9 To rive the feathers, secure the blank in a vice with the longer tapered side (63mm) away from you. Begin riving on that side and work toward yourself. The 3in drawknife is ideal. Hold it with the flat-back side facing you. To determine the thickness of the feather, tilt the drawknife so you can see the cutting edge

10 Stand the knife straight up and just push down. Keep the flat back of the drawknife 'snug' to the solid piece being rived. To insure you achieve a uniform feather, do not allow a gap to come between the knife and the wood. The hinge will serve as a stop cut

11 Always strive for thin feathers, even if some fall off. They will hardly be noticed after the feathers are interlocked, so try not to worry. The first few rived feathers are sacrificial. They are at the back of the bird's head and will be cut off later in the process

12 After the feathers are rived, use a knife or No.11 6mm gouge to trim the interlock and the hinge so they are narrower. They were left wider during the riving process so the wood would not wobble. The interlock centre should now be about 3mm (1/8in), the hinge about 1.5mm (1/16in).

13 Next, trim the lower part of the short taper. This area needs to be airspace so the feathers can freely turn and interlock. Make a nice flat plane.

14 Next, draw the dove onto the blank

15 Carve the bird's body. As you shape the bird's head, the sacrificial feathers are cut off

16 Flex the feathers to loosen the fibres at the hinge so they will easily turn when interlocked

17 With the bird's beak facing you, take the first feather and turn it to the left side of the head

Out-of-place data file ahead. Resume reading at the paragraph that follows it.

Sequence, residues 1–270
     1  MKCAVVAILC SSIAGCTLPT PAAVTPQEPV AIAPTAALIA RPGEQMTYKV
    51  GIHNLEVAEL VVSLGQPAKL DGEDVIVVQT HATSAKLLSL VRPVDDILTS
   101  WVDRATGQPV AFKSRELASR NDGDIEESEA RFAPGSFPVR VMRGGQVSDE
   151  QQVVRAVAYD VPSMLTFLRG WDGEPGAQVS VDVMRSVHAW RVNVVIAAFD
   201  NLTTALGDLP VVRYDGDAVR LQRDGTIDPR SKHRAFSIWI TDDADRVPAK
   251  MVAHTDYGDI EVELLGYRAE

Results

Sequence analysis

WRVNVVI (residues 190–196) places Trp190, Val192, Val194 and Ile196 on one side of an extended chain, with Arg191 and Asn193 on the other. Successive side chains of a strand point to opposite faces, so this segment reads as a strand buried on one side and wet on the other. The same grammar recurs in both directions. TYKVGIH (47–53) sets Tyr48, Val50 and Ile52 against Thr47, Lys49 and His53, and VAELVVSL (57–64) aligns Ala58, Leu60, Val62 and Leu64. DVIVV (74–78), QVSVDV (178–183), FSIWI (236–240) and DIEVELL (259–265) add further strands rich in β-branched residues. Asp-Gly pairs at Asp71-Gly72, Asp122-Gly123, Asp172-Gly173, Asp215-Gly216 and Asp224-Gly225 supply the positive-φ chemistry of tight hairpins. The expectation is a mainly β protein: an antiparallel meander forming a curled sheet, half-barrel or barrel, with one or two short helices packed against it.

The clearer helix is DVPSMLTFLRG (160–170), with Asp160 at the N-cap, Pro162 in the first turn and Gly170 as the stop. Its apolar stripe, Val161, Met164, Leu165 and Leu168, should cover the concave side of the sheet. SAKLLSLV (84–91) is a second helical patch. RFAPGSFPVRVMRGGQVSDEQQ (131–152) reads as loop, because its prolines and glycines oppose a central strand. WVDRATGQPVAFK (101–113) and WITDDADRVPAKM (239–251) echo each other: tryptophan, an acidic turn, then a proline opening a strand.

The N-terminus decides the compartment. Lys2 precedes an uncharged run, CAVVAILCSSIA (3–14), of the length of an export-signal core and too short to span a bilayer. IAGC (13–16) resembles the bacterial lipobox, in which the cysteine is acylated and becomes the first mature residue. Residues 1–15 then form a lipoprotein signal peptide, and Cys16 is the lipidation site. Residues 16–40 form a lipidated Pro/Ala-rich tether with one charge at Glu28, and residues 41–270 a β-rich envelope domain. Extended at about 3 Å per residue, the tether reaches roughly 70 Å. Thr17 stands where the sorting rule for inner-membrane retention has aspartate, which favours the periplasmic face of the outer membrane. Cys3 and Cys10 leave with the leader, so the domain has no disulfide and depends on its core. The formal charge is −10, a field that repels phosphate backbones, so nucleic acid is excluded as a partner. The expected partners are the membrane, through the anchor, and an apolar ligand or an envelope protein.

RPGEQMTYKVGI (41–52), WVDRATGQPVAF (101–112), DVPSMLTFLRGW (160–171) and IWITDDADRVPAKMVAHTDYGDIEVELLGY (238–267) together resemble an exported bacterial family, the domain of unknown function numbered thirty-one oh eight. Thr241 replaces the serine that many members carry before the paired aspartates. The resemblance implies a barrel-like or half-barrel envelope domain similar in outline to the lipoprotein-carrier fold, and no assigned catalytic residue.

18 Next, turn the second feather to the right side of the head before moving on to the third feather

19 Turn the third feather to the left and interlock it with the first feather. Continue alternating and interlocking the feathers to build the two wings. Save an uneven number of feathers for the tail

20 To form the tail, the very last feather will serve as the centre/anchor feather

21 Take the second feather to the right of the anchor feather and interlock it

22 Take the next (third) feather to the left and interlock it to that side of the anchor feather. Continue alternating and interlocking the feathers until the tail is complete. To achieve the desired appearance, you can take some feathers from the wings and place them into the tail, or vice versa

23 To hang up your bird, make an eyelet from 20-gauge wire with needle-nose pliers. Thread it with a string and then just push the eyelet among the wing feathers just behind the head

24 To give your dove character and personality, shape the wings by pulling them up alongside the head. The wings can be adjusted upward or more flat at the hinge point to gain the style you like

25 Heartwood side of bird. After the bird has dried for a few days, spray it with a preservative such as Bulls Eye shellac

David Preece

Tagged In:

bird , dove , Animals , Sally Nye , David Nye

"The fan bird represents the Holy Spirit, the dove-of-peace"

Wood Specification

Wood that is straight-grained and long-fibred is used for fan-carving. These characteristics are important because the strong fibre must hold on at the base of the blade when it is turned and interlocked with the next blade.
We use white cedar (Thuja occidentalis) in the USA. In Europe, fir (Pinus sylvestris), spruce (Picea abies) and willow (Salix spp) are preferred. Pine (Pinus spp) and aspen (Populus spp) are favoured in Scandinavia. Try similar wood in your area or the kind used for making baskets.
The blank dimensions used are 125 x 50 x 12mm (5 x 2 x 1/2in): 125mm dimension (length of blank) is vertical; 50mm dimension (width of blank) is along the circumference; 12mm dimension (thickness of blank) is the outer edge.
For a bi-colour effect, such as our dove, use a blank with half sapwood and half heartwood

Diagrams Click an image to enlarge